City Unified paid substantially more for paid leaves than Twin Rivers, Elk Grove, Folsom Cordova and Natomas school districts. Combined, these other districts paid $599,100 to 42 teachers placed on paid leave for a combined 1,776 school days over the last five years.
The proportion of teachers who returned to the classroom following those leaves varied, from a low of 50 percent in Folsom Cordova to a high of 86 percent in Elk Grove Unified.
The Bee's analysis also found:
The average paid leave at Sacramento City Unified during the past five years was 104 calendar days, or 66 school days. Eleven of the paid leaves lasted longer than 100 school days. The longest continuous paid leave is three school years, two months and counting.
Elk Grove's longest paid leave during that same time frame was 100 school days; the average was 24 school days.
Twin Rivers' average was 94 school days, with the longest leave 17 months and counting.
San Juan Unified officials said they could not provide a comprehensive list of teachers who have been on paid administrative leave due to an outdated computer system. Larry Graser, San Juan's director for certificated personnel, said short of physically pulling every personnel file, there was no way to monitor the data.
So no one does.
No crime report filed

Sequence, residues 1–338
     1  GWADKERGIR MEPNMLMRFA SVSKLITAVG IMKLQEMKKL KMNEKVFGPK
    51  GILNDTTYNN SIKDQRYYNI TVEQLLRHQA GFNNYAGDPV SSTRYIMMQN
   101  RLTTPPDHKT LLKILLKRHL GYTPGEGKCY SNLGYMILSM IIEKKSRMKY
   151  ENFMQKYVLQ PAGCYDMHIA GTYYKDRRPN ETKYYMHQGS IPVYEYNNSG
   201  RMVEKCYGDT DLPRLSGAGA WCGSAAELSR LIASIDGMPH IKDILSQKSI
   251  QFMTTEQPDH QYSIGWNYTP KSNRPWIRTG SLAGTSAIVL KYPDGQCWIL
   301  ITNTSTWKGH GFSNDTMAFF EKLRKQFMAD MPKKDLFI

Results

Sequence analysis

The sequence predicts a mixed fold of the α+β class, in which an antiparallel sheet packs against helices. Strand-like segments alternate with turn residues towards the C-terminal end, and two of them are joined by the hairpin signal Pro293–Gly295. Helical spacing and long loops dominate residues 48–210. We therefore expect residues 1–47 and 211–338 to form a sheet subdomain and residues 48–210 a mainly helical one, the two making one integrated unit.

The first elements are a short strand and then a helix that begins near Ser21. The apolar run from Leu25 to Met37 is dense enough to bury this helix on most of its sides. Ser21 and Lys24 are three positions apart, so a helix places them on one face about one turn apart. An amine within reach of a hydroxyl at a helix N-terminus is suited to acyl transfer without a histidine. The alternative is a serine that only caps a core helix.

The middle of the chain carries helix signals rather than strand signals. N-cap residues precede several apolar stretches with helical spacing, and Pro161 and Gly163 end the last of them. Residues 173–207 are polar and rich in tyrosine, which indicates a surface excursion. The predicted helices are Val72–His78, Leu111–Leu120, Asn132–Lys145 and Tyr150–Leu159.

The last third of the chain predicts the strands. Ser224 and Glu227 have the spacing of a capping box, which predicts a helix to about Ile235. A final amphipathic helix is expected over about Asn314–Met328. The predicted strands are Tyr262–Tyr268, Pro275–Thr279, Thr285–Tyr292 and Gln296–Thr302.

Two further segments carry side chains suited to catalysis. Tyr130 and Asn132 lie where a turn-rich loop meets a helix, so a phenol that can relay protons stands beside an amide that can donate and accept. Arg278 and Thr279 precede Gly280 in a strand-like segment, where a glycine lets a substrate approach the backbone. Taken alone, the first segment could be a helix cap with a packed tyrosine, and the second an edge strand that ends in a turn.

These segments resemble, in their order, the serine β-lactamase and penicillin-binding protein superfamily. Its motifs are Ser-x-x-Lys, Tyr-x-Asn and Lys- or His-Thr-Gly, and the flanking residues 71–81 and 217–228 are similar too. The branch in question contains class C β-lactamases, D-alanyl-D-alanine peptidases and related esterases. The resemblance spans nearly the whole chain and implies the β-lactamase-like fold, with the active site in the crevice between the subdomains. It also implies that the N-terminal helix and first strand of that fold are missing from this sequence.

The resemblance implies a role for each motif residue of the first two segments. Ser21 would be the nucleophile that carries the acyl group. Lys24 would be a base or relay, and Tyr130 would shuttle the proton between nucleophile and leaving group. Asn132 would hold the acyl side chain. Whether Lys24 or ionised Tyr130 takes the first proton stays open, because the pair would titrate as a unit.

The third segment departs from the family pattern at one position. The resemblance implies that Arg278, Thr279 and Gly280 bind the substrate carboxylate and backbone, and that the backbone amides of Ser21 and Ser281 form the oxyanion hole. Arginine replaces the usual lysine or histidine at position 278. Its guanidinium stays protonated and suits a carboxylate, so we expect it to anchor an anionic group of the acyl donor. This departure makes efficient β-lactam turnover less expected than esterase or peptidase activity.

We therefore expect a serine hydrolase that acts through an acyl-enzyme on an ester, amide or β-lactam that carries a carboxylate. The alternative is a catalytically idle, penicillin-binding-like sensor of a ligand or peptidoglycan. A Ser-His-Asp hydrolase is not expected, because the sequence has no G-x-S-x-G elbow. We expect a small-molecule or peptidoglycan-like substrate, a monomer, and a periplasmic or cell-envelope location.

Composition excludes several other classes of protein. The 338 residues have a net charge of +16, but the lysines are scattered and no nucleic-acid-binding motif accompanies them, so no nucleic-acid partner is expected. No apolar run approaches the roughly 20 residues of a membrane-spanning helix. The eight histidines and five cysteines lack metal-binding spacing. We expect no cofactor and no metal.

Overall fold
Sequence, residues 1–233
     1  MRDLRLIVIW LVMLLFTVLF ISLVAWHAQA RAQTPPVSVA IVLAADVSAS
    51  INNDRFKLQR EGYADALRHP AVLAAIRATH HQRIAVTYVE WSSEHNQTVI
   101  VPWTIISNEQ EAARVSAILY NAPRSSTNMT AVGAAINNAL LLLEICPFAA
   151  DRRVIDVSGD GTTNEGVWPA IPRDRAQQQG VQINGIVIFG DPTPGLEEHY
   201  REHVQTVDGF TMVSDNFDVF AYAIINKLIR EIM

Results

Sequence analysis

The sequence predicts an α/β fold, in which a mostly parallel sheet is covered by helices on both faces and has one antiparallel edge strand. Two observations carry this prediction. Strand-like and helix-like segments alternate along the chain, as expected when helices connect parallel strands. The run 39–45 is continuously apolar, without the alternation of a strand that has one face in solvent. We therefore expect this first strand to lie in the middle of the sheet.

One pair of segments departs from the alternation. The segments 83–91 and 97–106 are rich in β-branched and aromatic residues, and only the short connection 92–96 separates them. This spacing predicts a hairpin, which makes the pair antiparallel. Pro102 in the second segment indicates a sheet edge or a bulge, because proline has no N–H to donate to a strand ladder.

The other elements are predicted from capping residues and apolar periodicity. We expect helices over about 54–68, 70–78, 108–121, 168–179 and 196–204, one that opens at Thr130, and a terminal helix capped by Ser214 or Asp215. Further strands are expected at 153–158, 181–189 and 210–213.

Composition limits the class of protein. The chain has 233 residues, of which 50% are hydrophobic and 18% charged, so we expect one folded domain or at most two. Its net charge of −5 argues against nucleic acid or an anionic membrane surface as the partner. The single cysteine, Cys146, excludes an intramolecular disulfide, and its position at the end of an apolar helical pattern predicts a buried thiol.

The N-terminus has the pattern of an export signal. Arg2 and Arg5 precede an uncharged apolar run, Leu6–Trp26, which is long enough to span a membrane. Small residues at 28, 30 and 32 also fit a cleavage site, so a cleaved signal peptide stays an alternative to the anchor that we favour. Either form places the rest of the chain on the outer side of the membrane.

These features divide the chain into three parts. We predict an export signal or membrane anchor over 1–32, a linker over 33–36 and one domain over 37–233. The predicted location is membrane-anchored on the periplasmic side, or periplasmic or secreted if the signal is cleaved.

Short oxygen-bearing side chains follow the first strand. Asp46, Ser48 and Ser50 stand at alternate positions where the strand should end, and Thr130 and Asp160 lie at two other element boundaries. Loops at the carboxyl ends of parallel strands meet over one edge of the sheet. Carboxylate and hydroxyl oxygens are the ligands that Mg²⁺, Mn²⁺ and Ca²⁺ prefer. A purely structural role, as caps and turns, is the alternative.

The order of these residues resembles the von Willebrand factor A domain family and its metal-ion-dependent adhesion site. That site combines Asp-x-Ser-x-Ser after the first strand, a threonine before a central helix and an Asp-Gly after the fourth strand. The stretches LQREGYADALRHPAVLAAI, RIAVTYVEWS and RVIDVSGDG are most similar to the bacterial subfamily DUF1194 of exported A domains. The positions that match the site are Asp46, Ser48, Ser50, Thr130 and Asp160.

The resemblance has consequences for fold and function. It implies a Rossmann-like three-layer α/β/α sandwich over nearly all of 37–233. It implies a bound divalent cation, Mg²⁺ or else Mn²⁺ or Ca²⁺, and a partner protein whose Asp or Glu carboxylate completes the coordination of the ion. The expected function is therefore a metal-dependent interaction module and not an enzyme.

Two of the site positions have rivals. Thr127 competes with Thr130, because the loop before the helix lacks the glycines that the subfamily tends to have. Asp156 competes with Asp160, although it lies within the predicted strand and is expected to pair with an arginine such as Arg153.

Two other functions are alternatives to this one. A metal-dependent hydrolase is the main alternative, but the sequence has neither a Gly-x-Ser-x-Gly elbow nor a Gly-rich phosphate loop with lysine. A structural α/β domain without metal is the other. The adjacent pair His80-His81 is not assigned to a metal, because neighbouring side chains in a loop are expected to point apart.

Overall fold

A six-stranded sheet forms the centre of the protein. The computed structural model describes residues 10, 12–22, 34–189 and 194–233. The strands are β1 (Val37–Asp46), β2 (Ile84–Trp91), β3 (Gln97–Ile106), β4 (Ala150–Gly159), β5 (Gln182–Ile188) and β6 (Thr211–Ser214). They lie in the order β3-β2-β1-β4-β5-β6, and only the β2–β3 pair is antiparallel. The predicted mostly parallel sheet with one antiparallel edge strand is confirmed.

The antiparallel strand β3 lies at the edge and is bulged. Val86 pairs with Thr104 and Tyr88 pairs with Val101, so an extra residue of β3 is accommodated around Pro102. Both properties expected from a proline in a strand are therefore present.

The email to Preston Lewis was short and to the point. The subject line, in bold typeface, read: "Letter of Reprimand (Insubordination)."
Sacramento City Unified's two-page memo, dated Feb. 7, 2007, said Lewis had been instructed by an administrator to stop calling and picking up one of his former middle school students after the boy's father complained. According to the reprimand, Lewis nevertheless continued to pick the boy up on weekends, take him to lunch and buy him gifts.
The memo was placed in Lewis' personnel file alongside an "Improvement Plan" issued in 2006 in response to an earlier evaluation that found Lewis needed professional development. The district provided The Bee with redacted portions of Lewis' personnel file in response to a Public Records Act request.
Lewis and his lawyer declined to comment for this report.